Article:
We had been wanting to return to Roan Mountain State Park since our last visit in August of 2017, but were unable to reserve a spot all spring or summer. November was later than we would typically go mountain camping, but it’s Roan Mountain and when you can get a spot there, you go. So, we went. We had a hard time getting out of town due to systems issues, Wiley was having to manage for work. We left Sapphire just in time to catch a take your breath away Maxfield Parrish sunset over the Ingles in Brevard. While Wiley worked in Happy, I went in the grocery to get our weekend’s provisions. Stocked up, we hit the road again, making it as far as the TN line before we had to stop again for Wiley to put out some more fires at work. We went ahead and ate dinner while stopped at the TN Welcome Center near Erwin, TN. We did not arrive at Roan until 9:30 Friday night, which is unusual for us. We typically arrive for a weekend of camping in time to at least do a short hike, but with daylight savings and work crises, that was not the case. Wiley was none too happy, plus, to add insult to injury, the scenic more wooded and private campground loops, where we had camped last time, were closed for the season, so we were, basically, in a field type parking lot campground loop, which is not at all the type of camping we are used to and it was cold to boot. Wiley wanted to know, why I had brought him there at that time of year, and said to make note to not do it again…
Saturday morning, it was in the 30’s. We bundled up and hiked from the campground just across the river to hop on the moderate to difficult 2.35 Fred Behrend Trail. The fall foliage was bright and beautiful as we hiked along the Doe River then up the mountain to the ridge. We shed layers pretty quickly as we hiked up and up. I had been worried that all the leaves would have already fallen, but we were treated to some great vibrant color all along the way. I was thrilled! Got some great pics. After our hike, we went back to the van and ate some lunch. We chilled for a while after that then went for another short late afternoon hike before the sun went down. We just hiked from our campsite to a bit of the Fred Behrends Trail, to the easy 0.5mi River Trail, to the Wetlands Trail, by the ampitheatre, and back through the campground. We ate dinner in Happy and turned in.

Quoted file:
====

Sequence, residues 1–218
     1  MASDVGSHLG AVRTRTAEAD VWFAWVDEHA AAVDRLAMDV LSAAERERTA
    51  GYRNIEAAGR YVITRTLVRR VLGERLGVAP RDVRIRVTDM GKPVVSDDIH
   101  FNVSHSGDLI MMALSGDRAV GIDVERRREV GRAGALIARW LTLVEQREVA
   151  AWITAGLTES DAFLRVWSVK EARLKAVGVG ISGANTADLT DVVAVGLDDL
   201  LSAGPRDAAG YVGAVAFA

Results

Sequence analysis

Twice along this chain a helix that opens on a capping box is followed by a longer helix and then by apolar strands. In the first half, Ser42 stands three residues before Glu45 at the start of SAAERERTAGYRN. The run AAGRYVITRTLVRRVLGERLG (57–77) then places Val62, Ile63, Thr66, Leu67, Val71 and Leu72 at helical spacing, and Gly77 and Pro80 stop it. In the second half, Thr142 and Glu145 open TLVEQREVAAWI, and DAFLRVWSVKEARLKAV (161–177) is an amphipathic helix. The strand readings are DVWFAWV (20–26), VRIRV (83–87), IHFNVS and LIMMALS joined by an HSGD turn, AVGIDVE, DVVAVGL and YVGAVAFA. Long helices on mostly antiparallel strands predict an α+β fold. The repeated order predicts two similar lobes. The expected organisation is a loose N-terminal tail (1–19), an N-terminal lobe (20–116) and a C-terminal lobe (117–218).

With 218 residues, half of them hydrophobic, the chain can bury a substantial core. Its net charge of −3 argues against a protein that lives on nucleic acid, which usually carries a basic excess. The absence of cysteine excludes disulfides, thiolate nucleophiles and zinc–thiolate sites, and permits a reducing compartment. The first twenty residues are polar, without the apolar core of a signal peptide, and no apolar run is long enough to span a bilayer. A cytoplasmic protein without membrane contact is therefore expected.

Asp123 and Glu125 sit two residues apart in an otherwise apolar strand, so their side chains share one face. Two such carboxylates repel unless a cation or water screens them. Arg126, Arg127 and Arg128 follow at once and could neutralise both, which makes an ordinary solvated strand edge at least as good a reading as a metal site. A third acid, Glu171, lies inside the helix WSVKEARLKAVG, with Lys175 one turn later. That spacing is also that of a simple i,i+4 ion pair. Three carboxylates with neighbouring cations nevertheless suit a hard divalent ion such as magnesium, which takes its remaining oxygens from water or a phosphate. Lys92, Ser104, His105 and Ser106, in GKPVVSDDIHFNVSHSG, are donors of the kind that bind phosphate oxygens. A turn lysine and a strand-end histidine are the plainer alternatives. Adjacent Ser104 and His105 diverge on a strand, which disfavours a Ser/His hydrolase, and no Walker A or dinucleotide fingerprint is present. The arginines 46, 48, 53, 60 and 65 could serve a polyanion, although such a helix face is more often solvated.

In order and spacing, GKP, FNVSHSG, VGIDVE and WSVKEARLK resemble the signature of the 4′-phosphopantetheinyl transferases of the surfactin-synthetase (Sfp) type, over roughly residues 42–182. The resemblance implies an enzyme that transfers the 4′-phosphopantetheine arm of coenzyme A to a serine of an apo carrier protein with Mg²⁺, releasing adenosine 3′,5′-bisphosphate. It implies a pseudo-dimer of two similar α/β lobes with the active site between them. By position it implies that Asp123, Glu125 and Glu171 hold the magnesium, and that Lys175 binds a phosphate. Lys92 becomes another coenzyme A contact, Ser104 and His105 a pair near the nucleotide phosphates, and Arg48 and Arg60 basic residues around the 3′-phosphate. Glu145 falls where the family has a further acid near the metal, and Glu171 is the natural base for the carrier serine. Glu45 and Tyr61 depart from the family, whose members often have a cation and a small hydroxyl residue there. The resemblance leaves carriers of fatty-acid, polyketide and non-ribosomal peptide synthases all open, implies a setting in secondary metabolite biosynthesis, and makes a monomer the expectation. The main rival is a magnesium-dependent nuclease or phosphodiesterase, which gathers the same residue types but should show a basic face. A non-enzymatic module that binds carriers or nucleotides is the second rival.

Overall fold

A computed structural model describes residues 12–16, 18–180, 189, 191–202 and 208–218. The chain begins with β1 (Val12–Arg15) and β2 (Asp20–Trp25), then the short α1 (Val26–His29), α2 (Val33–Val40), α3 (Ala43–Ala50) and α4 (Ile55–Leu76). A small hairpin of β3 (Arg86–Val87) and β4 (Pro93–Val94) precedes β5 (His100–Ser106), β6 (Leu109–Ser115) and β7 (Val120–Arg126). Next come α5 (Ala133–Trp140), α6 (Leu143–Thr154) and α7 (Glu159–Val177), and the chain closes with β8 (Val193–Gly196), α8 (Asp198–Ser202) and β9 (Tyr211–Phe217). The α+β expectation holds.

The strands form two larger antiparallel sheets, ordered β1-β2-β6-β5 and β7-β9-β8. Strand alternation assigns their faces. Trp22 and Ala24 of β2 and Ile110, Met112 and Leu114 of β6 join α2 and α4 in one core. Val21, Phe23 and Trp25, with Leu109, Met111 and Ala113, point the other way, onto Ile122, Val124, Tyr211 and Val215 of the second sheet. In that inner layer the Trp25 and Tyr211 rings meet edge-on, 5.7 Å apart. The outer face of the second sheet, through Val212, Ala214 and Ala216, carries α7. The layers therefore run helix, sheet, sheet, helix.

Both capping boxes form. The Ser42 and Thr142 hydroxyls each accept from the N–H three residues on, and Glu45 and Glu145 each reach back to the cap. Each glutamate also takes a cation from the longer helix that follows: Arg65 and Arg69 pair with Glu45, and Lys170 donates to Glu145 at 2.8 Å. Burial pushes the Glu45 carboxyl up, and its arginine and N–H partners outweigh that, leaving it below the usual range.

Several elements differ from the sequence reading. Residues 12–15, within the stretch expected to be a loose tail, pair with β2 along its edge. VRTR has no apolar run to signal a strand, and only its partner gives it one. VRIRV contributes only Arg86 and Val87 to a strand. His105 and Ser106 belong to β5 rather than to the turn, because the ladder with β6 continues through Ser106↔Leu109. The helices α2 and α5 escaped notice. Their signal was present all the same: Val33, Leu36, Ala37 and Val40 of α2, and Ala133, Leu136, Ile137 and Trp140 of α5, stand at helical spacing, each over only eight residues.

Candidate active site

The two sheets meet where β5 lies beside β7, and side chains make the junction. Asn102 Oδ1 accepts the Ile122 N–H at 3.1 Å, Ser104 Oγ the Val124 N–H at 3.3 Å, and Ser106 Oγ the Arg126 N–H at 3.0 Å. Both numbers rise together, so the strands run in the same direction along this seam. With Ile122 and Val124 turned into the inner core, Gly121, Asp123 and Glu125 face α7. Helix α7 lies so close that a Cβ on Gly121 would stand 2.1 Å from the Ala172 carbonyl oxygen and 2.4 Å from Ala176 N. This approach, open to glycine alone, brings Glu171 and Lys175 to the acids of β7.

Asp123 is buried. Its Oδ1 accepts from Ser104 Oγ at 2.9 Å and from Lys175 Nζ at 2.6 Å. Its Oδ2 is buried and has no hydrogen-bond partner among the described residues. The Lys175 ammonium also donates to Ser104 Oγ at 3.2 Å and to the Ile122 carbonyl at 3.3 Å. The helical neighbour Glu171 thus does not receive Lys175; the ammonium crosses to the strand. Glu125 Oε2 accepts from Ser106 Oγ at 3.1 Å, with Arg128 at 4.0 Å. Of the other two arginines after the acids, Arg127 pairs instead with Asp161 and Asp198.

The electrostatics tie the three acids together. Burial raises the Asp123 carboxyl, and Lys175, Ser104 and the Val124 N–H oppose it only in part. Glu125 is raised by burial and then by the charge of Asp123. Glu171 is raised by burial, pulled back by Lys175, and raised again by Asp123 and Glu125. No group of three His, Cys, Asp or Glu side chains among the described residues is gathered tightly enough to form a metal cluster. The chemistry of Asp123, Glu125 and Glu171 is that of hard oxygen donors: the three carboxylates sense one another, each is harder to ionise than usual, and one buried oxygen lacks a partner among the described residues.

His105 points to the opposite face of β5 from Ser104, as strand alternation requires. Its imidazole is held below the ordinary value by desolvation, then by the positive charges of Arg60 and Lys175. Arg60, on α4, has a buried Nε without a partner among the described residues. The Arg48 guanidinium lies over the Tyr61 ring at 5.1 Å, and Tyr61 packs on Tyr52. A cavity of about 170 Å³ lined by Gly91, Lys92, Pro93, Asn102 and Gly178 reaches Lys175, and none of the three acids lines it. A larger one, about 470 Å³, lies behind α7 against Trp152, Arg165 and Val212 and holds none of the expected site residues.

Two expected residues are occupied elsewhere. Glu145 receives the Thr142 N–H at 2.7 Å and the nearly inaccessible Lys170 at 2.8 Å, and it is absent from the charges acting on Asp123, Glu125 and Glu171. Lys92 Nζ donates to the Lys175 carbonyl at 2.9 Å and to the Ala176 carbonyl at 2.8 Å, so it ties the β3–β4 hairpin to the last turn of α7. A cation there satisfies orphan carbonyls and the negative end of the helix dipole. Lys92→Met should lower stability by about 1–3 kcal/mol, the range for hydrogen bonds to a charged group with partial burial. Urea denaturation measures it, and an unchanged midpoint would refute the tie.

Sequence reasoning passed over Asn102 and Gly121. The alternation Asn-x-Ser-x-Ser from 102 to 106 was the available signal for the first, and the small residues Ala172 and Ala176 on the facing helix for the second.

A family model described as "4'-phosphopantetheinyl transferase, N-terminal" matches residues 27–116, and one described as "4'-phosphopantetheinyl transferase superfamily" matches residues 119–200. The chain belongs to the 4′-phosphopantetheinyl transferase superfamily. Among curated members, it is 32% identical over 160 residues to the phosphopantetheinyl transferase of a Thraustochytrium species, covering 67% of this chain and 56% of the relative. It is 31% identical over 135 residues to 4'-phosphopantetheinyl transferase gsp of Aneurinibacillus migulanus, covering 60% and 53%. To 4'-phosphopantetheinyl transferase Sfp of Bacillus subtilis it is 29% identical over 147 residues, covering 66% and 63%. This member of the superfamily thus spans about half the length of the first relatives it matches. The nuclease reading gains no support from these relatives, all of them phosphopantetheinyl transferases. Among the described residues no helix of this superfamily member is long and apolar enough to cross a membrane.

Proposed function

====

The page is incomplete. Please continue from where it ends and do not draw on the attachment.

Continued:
Sunday morning, we got up and packed to make our way to the Miller Farmstead. Near the cabins, we spotted a herd of deer in the meadow, so of course, we had to pull in. We got up close then rolled down the windows for the puppies. This is their favorite way to start the day, indeed! They were twitching and fixed on the numerous deer. Wiley had to keep a hand on each of them to avert disaster. So glad we drove the van, knowing better after our killer 8mi hike to the farmstead and back, we’d done the previous year. It was really cool to return to the farm to see how different it looked draped in fall, rather than summer, like our last visit. We descended through the grain covered hill to the farm, where they had set up some fall decorations. Nigel and Pippa promptly began hunting in the haystack in front of the barn. We almost lost them in the hay, but it was big fun for them! After we walked around the farm, we headed across the road to the Chestnut Ridge overlook. We took in the long range views of the Highlands of Roan, that were both icy atop and still colored in fall below. It was neat to see the mountain range covered by two seasons at once. After the farmstead, we drove over to the Grist Mill Visitor Center. The bright yellows and oranges of the trees along the river, by the water wheel, and around the mill were just gorgeous. We did a quick tour of the park museum in the mill then set out to do the two short trails from behind the visitor center. First we did the 0.35mi Peg Leg Mine Trail, which took us through the fall painted forest to a former iron ore mine. We then hiked the lovely 0.5mi Cloudland Trail through the forest and along the river. It was a nice little morning hike to get the day started.
We left the Grist Mill and climbed up the mountain in Happy through what was left of fall and up into the icy Roan Highlands to Carvers Gap. We had heard there was snow up there the day before and were thrilled, like little children, that it was still there. On the drive up, there had been a huge drop in temp down into the 30’s. Upon arrival, we bundled up in downs, hats, gloves, and puppy sweaters. Nigel and Pippa were surprised to see and feel the snow when we jumped out of the van. They were so cute and curious in the snow. We hopped on the AT from the parking area, climbing moderately 3/4 mi. up towards Round Bald, which sits at 5,826′. We hiked through the alpine forest, covered in a thin white blanket. It was just dreamy through there. Children were climbing all over the hillside through the trees, throwing snowballs, and squealing in delight. It was such a joyful sight. Once we emerged from the forest, the wind was so strong and gusting, that it almost blew me over. I was having to really dig in and lean hard to keep my footing. It was crazy. From atop Round Bald there are 360 degree simply breathtaking views. On a clear day, you can see north into the Virginia highlands, west to the Clinch Mountains and plains of Tennessee, east to Mount Mitchell and the Black Mountains, Grandfather Mountain, Sugar Mountain and beyond. South lies 6285’ Roan High Knob. I shot some video and took pics, but it was hard to hold the phone up or steady to shoot. I felt like Jim Cantore in a hurricane. So glad we had made the trip up and did not pass on this stop before hitting the road for home. Loved experiencing the state park and Carvers Gap, once more and in a different season. Thank you, Roan. We’ll be back!